An environmental mess: BC government needs to bring gas industry and regulator under tighter control
Few environmental messes inherited by the new BC government rival the unregulated free-for-all that has unfolded in the province’s northeast where companies that frack for natural gas have built nearly 60 unlicensed dams.
Not only do some of those dams show distressing signs of failing, but the companies that built them—and the government agencies that regulate them—consistently failed to honestly consult with First Nations about their intentions.
First Nations were never told that proposed “water storage” facilities on their traditional lands were actually large dams. Nor were they told that the companies shouldn’t build them without first obtaining water licences and submitting engineering reports to provincial dam safety officials—neither of which happened.
First Nations were never told that proposed “water storage” facilities on their traditional lands were actually large dams.
Now, in an unprecedented application before BC’s Environmental Assessment Office (EAO), Progress Energy—a subsidiary of the giant Malaysian state-owned corporation Petronas—is asking the Province to “exempt” from retroactive review two massive dams that it built without first obtaining proper authorizations.
One of the two dams rivals a seven-storey apartment building in height. That makes it (and its somewhat smaller cousin) a “major project” under BC’s Environmental Assessment Act. The Act’s regulations stipulate clearly that such projects are to be assessed by the EAO before they are built. Not after.
So here we are. Government agencies allow a company to build two major dams without proper authorizations. First Nations are treated dismissively. And the EAO is asked to give a free pass to the company that broke the rules in breathtaking fashion.
If the EAO grants Progress’s request, it sends a terrible signal that BC really is the Wild West. Rules and regulations are simply there to be ignored.
The current government should immediately reject this premise especially given the importance that Premier John Horgan has placed on reforming BC’s environmental assessment process.
In his mandate letter to George Heyman, Minister of Environment and Climate Change Strategy, the Premier instructed the minister to “revitalize the Environmental Assessment process” and to “review the professional reliance model to ensure the legal rights of First Nations are respected, and the public’s expectations of a strong, transparent process is met.”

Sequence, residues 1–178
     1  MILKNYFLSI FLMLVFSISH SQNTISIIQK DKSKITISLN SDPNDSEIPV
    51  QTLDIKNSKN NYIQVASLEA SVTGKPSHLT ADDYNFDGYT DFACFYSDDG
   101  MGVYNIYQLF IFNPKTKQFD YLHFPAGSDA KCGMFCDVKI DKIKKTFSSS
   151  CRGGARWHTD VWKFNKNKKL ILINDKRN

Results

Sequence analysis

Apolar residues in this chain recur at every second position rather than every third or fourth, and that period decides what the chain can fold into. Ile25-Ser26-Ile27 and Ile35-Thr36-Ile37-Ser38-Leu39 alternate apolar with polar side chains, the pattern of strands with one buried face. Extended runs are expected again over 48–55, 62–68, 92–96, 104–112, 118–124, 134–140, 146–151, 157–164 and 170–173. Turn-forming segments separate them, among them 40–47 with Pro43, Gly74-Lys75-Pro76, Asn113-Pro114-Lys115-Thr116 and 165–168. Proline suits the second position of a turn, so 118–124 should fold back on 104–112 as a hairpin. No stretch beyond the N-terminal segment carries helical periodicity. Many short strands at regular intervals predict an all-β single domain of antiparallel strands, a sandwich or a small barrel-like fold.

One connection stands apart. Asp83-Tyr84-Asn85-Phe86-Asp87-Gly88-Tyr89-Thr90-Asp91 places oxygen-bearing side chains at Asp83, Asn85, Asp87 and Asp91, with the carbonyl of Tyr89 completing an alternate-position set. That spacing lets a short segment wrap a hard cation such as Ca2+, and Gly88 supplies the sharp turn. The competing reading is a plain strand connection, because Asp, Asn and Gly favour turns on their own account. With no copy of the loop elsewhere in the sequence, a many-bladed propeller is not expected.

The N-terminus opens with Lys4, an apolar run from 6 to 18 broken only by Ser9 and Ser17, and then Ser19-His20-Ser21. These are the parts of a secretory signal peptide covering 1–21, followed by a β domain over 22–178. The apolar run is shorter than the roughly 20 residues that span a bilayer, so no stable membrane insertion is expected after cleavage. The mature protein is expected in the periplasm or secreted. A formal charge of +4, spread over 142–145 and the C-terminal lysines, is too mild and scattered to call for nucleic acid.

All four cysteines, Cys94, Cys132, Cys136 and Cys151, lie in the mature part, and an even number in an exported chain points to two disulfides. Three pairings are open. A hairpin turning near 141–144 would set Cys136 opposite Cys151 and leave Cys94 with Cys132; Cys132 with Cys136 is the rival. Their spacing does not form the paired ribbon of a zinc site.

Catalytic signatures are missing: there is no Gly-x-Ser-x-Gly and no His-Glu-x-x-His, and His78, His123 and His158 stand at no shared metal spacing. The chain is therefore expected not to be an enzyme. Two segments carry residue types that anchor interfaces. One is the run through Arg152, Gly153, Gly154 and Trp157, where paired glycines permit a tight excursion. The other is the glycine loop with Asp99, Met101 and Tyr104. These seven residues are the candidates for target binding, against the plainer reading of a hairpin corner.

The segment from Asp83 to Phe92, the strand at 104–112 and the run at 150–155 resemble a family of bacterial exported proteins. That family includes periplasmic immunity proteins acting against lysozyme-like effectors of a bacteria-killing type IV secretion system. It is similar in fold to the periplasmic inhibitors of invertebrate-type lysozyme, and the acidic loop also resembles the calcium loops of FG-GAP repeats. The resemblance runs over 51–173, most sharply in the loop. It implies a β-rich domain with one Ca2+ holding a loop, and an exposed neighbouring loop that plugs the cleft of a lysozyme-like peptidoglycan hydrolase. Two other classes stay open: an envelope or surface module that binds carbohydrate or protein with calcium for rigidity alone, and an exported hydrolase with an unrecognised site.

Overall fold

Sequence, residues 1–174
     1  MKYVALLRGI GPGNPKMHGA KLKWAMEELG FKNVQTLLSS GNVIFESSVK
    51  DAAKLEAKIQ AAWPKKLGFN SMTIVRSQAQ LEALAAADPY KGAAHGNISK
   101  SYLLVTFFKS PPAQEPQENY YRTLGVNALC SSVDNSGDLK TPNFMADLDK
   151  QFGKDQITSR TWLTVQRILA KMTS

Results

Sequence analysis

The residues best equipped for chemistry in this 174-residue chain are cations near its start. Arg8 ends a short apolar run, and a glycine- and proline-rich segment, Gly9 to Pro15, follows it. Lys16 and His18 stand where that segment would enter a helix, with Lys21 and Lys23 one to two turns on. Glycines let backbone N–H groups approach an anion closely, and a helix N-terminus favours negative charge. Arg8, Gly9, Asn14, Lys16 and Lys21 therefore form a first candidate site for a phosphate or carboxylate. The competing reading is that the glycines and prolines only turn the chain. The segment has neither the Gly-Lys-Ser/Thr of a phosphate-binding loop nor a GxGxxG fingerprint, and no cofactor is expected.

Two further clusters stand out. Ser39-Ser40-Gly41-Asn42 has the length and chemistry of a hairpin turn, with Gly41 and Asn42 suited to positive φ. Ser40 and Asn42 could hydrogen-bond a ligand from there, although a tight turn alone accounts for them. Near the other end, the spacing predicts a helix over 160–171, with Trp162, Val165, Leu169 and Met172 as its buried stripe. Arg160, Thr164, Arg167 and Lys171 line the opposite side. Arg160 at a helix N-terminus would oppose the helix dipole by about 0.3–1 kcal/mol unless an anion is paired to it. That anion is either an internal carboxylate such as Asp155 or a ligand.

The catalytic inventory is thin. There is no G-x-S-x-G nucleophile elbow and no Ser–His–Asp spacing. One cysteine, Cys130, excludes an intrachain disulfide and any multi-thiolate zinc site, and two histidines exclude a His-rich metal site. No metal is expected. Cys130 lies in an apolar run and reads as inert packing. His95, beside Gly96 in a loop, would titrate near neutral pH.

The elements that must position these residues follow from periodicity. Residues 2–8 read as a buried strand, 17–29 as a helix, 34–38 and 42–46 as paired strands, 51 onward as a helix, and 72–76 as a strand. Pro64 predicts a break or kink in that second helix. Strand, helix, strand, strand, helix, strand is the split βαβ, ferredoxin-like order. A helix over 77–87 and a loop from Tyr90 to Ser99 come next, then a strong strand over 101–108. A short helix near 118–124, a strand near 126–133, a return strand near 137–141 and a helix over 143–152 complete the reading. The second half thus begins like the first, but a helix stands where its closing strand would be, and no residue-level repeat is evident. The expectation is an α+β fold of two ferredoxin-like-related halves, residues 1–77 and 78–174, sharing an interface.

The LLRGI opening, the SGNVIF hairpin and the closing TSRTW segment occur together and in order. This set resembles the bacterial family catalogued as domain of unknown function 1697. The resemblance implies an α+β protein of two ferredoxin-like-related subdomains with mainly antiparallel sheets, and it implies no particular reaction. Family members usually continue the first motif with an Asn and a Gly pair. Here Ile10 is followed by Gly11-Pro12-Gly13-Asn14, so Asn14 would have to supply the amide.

One of the two dams rivals a seven-storey apartment building in height.
That current model is one in which professionals either directly employed by or working under contract to major corporations are increasingly in the driver’s seat, while public servants, including statutory decision-makers who should be providing independent oversight to projects, are pushed to the margins.
Coincidentally, the Premier signed that letter just two days before Progress filed its controversial exemption applications.
Members of the public, however, only learned of the company’s application a month later and only then after the EAO, in a classic “issues management” move, quietly posted the company’s request on-line in the lead-up to the busy Labour Day weekend.
Progress’s application offers the provincial government a golden opportunity to signal that the process of revitalizing our environmental assessment process begins today.
The government can and should use the opportunity to let the EAO know that the public expects and deserves a review of the Progress dams. That review should cast a wide net that looks both at the environmental and public safety risks posed by the two dams and the much more troubling question of how dozens of other such dams were built without permits and fulsome First Nation consultations.
An expanded review should also look at what all those dams are there for, because they all have something in common: to corral vast quantities of fresh water used in natural gas industry fracking operations. Notable cases of such operations have been linked to earthquakes due to the tremendous volumes and pressures at which water is pumped underground to “liberate” natural gas.
It sends a terrible signal that BC really is the Wild West. Rules and regulations are simply there to be ignored.
The Progress application offers another golden opportunity for the Environment Minister to fulfill something else asked of him and all his Cabinet colleagues, namely, to commit to a “true, lasting reconciliation with First Nations” and to fully adopt the UN Declaration on the Rights of Indigenous Peoples.
Shining a much-needed light on an unregulated dam-building spree that took place entirely on the previous government’s watch would be a significant step towards fulfilling that commitment to First Nations and would signal that the government is serious about reforming BC’s environmental assessment process.
This article is published as part of the Corporate Mapping Project, a research and public engagement initiative investigating the power of the fossil fuel industry. The CMP is jointly led by the University of Victoria, the Canadian Centre for Policy Alternatives’ BC and Saskatchewan offices, and the Parkland Institute. This research is supported by the Social Science and Humanities Research Council of Canada (SSHRC).
Topics: Climate change & energy policy, Environment, resources & sustainability, First Nations & Indigenous, Fracking & LNG